A Tool to Pay Life Insurance Premiums
- People who need substantial life insurance coverage for estate
or business planning are often faced with a dilemma: Does it make
sense to (or do they want to) use current cash flow or liquidate
investments to pay the premiums? Premium financing may offer high-net-worth
individuals the ability to borrow the premiums to pay for an insurance
policy, allowing them the use of funds they might have otherwise
used to pay for the insurance.
financing makes most sense when the individual has a definite
need for insurance. Only when the need has been determined should
premium financing be evaluated as an option that may allow the
individual to retain his assets or income for use elsewhere. This
should not be proposed as a “free” way to obtain life
also makes sense when the interest rate on the loan is less than
the insured could earn on the assets he would have liquidated
to pay the premium, or when the interest rate on the loan is less
than the policy is expected to earn. An individual may want to
enter into a premium financing arrangement to obtain a lower out-of-pocket
cost for a policy, to minimize gift tax concerns, and to keep
from using cash flow or liquidating assets to pay insurance premiums.
for most programs are $2.5 million in net worth and $200,000 a
year income. The borrower must also be a bankrupt-remote entity
(i.e., creditors cannot attach the individual’s assets for
bankruptcy), such as an LLC or an irrevocable life insurance trust.
of a well-structured premium financing program is to have the
individual pay as little out-of-pocket as possible for life insurance,
balanced against the risk that the interest rate of the loan will
exceed the performance of the policy.
In a typical
premium financing arrangement, an individual applies for an insurance
policy. At the same time, the individual applies for a loan from
a lender, usually arranged by the insurance company. While the
individual is being medically underwritten for the insurance policy,
he is also being financially underwritten for the loan. Assuming
the individual passes both tests, the policy is put in force and
the financing is put in place.
Financing Due Diligence
should consider the following questions before entering into any
premium financing arrangement:
spread over the loan interest rate must the policy earn? Generally,
the policy will have to produce returns of 150 to 300 basis
points over the loan interest rate. The loan will usually be
based on LIBOR. Lower performance runs the risk that there will
not be enough cash in the policy to collateralize the loan.
is the loan commitment fee?
- How long
is the loan renewable for? Is it a term loan for a short period
of time? Or is it a loan that extends well past life expectancy?
- Is a personal
guarantee required for the loan, or is it backed by the insurance
life insurance product works best in a financing arrangement?
Universal life and whole life generally will not be able to
provide the necessary returns to make a premium financing arrangement
work. Variable life could work, but SEC margin requirements
make this a high-risk venture. This leaves equity-indexed life
as the product that gives the policyholder the best chance to
outperform the loan.
- Is the
program designed to be based on life expectancy, or is it conventional?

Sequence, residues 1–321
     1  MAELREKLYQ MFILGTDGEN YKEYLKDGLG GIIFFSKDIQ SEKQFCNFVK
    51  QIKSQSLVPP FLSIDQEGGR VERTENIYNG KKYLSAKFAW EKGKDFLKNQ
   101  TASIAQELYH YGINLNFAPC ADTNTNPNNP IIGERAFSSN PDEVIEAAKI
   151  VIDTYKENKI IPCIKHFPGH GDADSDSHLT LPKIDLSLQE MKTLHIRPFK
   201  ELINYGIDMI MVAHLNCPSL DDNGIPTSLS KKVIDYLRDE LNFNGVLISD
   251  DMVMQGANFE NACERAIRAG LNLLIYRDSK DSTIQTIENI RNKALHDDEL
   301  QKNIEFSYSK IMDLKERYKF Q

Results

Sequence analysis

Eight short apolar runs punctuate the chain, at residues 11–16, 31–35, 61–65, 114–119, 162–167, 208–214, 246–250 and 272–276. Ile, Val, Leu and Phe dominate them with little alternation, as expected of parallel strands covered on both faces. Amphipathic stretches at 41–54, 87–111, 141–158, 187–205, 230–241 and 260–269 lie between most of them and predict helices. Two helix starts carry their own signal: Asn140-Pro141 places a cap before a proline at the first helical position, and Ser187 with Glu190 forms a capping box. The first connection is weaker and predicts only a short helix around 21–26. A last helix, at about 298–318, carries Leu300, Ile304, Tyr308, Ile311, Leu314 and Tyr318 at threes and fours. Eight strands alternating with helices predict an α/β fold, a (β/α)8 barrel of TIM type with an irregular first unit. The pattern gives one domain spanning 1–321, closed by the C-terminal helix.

Life-expectancy programs assume that the insured dies at his
IRS-calculated life expectancy. If he lives beyond that, the
loan amount will start to exceed the cash value and the program
are the basic types of financing arrangements.
premium only. The individual borrows only premiums, and the
individual pays the interest. If the policy is owned by an irrevocable
life insurance trust, then the interest is considered a gift.
premium and interest. The individual borrows premiums and the
interest on the loan and has no annual outlay. Policy design
is key, because the policy must earn more than the interest
rate; otherwise it will either lapse or require a substantial
payment by the policyholder.
some premium and interest. The individual borrows some premiums
or some interest, usually for a period of time.
Financing Exit Strategies
can be repaid in three main ways:
life, from the borrower’s available assets.
life, from policy cash values (this generally requires the lender’s
approval if the lender is the assignee).
- At death,
from policy proceeds (this usually happens automatically).
Tax and Gift Tax Considerations
on a loan to acquire a life policy is generally considered personal
interest and is not deductible under IRC sections 163 and 264.
to a trust for premium payments are not taxable gifts.
- It is
unlikely that the IRS would consider a personal guarantee on
a loan-completed gift until a payment is made.
insurance proceeds will be included in the insured’s estate
if the insured owns the policy or has any incidents of ownership.
Private Letter Ruling (PLR) 9809032, the IRS ruled that even
though an irrevocable trust had borrowed funds from the insured
to purchase a policy and the loan remained outstanding at death,
the proceeds were not includable in the insured’s estate.
a personal guarantee on a loan should not cause incidents of
ownership in the policy.
Tuttle, CFP, MBA, helps accounting firms develop wealth
management platforms. He is the author of Financial Secrets of My
Wealthy Grandparents (iUniverse, Inc., 2006). He can be reached
at 203-564-1956 or firstname.lastname@example.org.
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